1977 - Willie McCovey of the San Francisco Giants hit the 18th and last grand slam of his career. His total still stands as the National League record. Alex Rodriguez holds the Major League record with 25.
    1977 - "Elvis - What Happened," an expose by two of Presley's former bodyguards, was published. It sat in bookstores almost unnoticed until Presley's death two weeks later. Then it sold more than three-million copies. For several years, it was unavailable at Amazon, Barnes and Noble, nor other online used book stores.
    1979 - Following her graduation from rabbinical college in Philadelphia, Linda Joy Holtzman was appointed spiritual leader of the Conservative Beth Israel congregation in Coatesville, Pennsylvania, making her the first female rabbi to head a Jewish congregation in America.
    1979 – Yankees C Thurman Munson, at the height of his career, crashed at Canton, OH practicing take offs and landings in his private plane, and perished.
    1981 - The all music-video channel, MTV, debuted. VHq, another music channel owned by MTV Networks that is aimed at older pop music fans, premiered in 1985.
    1982 - Greg Louganis, US becomes first diver to score 700 (752.67) in 11 dives.
    1982 - Hank Aaron, the holder of the career home run record (755) and RBI record (2,297); Frank Robinson, the first player to win the MVP in both leagues and the first black manager in the Majors; Travis Jackson, an outstanding offensive and defensive shortstop for the Giants during 1920's, and former commissioner Happy Chandler, who provided leadership in breaking baseball's color line, are inducted in the Hall of Fame.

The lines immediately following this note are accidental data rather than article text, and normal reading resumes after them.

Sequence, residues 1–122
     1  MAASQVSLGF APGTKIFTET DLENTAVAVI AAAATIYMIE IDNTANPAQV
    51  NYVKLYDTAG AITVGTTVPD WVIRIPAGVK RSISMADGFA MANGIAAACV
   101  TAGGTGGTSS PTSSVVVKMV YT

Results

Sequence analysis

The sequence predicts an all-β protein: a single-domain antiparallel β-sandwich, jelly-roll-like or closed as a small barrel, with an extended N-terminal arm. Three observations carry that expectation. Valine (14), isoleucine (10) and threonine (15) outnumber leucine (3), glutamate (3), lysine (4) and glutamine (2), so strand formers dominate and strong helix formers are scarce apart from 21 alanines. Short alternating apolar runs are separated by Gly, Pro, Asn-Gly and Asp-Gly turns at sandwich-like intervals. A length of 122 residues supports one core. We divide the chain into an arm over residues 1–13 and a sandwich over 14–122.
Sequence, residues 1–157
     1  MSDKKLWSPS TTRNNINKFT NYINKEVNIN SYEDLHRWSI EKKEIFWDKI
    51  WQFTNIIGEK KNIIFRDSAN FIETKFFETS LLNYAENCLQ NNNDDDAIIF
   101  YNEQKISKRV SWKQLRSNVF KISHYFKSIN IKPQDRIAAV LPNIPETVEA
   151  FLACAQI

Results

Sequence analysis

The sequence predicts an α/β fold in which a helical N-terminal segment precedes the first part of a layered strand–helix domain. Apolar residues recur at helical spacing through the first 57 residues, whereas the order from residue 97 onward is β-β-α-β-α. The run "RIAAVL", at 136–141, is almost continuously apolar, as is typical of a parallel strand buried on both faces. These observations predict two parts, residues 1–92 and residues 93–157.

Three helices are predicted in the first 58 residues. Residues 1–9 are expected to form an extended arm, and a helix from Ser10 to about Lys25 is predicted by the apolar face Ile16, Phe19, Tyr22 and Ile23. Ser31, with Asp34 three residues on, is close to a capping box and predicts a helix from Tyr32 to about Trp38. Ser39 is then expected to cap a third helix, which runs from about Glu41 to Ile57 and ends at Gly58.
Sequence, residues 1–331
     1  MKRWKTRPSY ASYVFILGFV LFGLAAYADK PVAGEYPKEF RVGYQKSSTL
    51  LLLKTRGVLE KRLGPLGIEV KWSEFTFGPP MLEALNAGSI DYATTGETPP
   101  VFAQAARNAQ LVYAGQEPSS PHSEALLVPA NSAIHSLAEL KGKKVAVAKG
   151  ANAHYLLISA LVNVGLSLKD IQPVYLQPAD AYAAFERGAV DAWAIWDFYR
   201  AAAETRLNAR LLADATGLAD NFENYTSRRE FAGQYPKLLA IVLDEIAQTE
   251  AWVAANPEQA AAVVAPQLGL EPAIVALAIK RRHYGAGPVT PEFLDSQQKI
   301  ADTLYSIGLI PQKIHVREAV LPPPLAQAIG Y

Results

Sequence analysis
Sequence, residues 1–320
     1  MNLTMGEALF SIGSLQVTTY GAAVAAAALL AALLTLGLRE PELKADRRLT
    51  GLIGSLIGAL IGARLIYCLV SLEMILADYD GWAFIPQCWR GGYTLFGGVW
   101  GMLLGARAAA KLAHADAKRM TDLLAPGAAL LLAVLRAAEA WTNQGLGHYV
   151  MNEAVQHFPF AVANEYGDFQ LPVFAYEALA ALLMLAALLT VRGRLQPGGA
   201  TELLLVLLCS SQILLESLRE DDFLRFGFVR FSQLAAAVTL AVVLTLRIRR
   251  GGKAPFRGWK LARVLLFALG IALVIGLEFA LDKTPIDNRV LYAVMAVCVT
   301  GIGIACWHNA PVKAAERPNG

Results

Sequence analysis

1983 - U.S. House of Representatives approved a law that designated the third Monday of January would be a federal holiday in honor of Dr. Martin Luther King, Jr. The law was signed by President Reagan on November 2.
    1984 - Top Hits
“When Doves Cry” - Prince
“Ghostbusters” - Ray Parker Jr.
“State of Shock” - Jacksons
“Angel in Disguise” - Earl Thomas Conley
    1986 - A powerful thunderstorm produced 100 mph winds and large hail in eastern Kansas and southwestern Missouri causing 71 million dollars damage, and injuring nineteen persons. It was one of the worst thunderstorms of record for Kansas. Crops were mowed to the ground in places and roofs blown off buildings along its path, 150 miles long and 30 miles wide, from near Abilene to southeast of Pittsburg.
    1987 - Record heat gripped parts of the Midwest. A dozen cities reported record high temperatures for the date, including Lincoln, NE, with a reading of 105 degrees, Moline, IL, with an afternoon high of 103 degrees, and Burlington, IA, with a reading of 102 degrees. 
    1989 - Hurricane Chantal made landfall along the Upper Texas coast about sunrise. Chantal deluged parts of Galveston Island and southeastern Texas with 8 to 12 inches of rain. Unofficial totals ranged up to twenty inches. Winds gusted to 82 mph at Galveston, and reached 76 mph in the Houston area. Tides were 5 to 7 feet high. The hurricane claimed two lives, and caused 100 million dollars damage.